This is important because it blurs the line between the artists and the public. The artists are the ones who initiate, but then it is up to the others to join and share the idea. We are trying to encourage the active role of the individual and how he/she interacts with the society.

Olga: Why is it important to you that the wolFMoon howling performance takes place in the urban space?

CONA: We consciously chose to make the wolFMoon howlings in public spaces where citizens may hear them so that we create a connection with nature within an urban setting. This is important because we are usually departing from intellectual urban systems and ways of thinking.

With our performance, we are also reminded of the fact that we are part of something bigger. When you are on an airplane, you see everything from above as clean and organized. We want to bring awareness of the wider picture on our planet into this really specialized micro-space of cities.

Olga: Your project points to a crisis, or a conflict, between humans and nature. How do you address this crisis (and possibly, suggest a solution to it)?

CONA: At the core of our performance is communication, understanding, accepting other positions without denying them, especially if you are holding a stronger power position than someone else. We urge for the reflection about how the Anthropocene treats nature and more powerless beings through annexing their space into an urban logic. We are already master of the whole planet. Our mind is not just driven by intuition and instinct, but we can be aware of it in contrast to many animals. This also increases our responsibility to use our power towards nature wisely. We are accountable to make sure that other species’ existence is secured, or at least not threatened by us.

Unless we do this, we are going to destroy everything. However, it is not enough to wake up after we have already destroyed most of it. People and international co-operations took away so much land from all of the species that are nowadays endangered. Then, at some point, institutions are shocked that some species are at the risk of becoming extinct. We then mark them as endangered species and create zoos or national parks to protect them. This is a paradox. Thinking about the consequences of our behaviour has to start earlier and not just be recognized when it is too late. When we will not have any air to breath, we will not be in the position of questioning our actions anymore and initiate change.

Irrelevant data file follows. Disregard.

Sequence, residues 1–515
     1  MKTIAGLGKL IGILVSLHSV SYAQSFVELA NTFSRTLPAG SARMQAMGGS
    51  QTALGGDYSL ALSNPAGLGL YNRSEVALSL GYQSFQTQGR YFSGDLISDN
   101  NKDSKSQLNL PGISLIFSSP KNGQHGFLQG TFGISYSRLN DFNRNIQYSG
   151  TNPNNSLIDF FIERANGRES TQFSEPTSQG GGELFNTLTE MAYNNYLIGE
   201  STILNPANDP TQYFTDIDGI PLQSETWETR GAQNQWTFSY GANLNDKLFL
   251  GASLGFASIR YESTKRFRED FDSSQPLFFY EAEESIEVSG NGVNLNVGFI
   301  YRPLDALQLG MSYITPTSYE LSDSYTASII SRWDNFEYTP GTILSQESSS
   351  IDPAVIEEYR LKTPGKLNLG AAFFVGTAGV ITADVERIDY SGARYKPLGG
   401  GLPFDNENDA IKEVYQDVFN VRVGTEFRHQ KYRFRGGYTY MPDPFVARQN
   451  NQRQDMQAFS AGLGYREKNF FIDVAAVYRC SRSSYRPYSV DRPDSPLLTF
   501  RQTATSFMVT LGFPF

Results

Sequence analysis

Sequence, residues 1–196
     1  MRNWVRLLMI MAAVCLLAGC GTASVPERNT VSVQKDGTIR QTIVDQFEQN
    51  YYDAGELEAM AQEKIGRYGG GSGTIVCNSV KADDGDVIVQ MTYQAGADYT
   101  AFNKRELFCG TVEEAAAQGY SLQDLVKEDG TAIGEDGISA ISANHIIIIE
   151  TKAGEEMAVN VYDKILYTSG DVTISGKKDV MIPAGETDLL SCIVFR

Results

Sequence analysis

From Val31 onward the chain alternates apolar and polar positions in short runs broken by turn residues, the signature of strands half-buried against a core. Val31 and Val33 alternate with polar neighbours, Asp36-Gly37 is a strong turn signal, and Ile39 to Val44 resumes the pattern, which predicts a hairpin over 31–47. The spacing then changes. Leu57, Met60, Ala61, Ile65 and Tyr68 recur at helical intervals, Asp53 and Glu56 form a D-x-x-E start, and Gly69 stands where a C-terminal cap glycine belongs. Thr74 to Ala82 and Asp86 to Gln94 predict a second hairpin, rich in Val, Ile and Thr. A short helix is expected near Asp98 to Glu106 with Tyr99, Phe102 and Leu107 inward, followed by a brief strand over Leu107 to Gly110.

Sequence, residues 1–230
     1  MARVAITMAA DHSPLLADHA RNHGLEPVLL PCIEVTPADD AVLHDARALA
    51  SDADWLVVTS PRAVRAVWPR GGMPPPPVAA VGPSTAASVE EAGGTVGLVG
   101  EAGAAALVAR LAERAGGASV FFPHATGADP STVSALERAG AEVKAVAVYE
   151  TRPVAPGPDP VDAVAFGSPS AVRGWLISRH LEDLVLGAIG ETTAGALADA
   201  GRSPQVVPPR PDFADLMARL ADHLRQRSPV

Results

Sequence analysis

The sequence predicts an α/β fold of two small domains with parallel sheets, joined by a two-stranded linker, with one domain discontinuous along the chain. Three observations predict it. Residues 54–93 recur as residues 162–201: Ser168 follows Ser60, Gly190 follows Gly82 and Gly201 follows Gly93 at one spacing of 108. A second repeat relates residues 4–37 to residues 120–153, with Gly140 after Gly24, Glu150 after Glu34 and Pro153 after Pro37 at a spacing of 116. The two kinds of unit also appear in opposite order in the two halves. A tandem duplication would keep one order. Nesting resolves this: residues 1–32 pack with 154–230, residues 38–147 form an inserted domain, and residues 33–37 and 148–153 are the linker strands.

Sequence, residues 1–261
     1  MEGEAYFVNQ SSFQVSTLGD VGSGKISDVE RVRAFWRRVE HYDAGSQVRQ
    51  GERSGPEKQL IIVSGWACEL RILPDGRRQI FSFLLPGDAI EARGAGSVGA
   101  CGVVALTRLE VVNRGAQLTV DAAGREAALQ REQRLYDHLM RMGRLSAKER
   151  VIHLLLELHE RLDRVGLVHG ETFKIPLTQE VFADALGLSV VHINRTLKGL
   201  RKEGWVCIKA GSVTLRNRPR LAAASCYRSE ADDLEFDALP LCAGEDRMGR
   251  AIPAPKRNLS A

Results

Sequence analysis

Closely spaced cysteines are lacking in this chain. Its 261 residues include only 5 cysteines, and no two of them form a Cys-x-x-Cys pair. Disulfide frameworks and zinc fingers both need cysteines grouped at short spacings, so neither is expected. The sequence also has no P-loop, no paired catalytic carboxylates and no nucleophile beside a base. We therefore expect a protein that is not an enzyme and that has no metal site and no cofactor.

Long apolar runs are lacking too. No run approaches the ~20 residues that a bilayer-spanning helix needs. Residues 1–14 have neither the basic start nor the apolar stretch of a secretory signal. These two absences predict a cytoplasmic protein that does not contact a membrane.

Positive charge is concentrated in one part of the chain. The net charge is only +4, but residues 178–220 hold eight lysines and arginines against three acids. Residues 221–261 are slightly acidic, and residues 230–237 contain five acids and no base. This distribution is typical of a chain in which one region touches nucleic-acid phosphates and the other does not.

Events

  • Display at the Participation Matters exhibition
  • Performance on 9.12.2017 during the R! Festival

Work at Respublika!

WolFMoon howling: Irena Pivka / Brane Zorman

R! PM overview photo
Respublika! Participation Matters Exhibition Photo by Nico Carpentier
R! PM overview photo
Respublika! Participation Matters Exhibition Photo by Nico Carpentier

Instructions for WolFMoon by Irena Pivka, Brane Zorman and The Cypriot Howling Team

WolFMoon howling (with participation of local artists and audience): Irena Pivka / Brane Zorman / Cyprus Howling Team, conducted by Hayal Gezer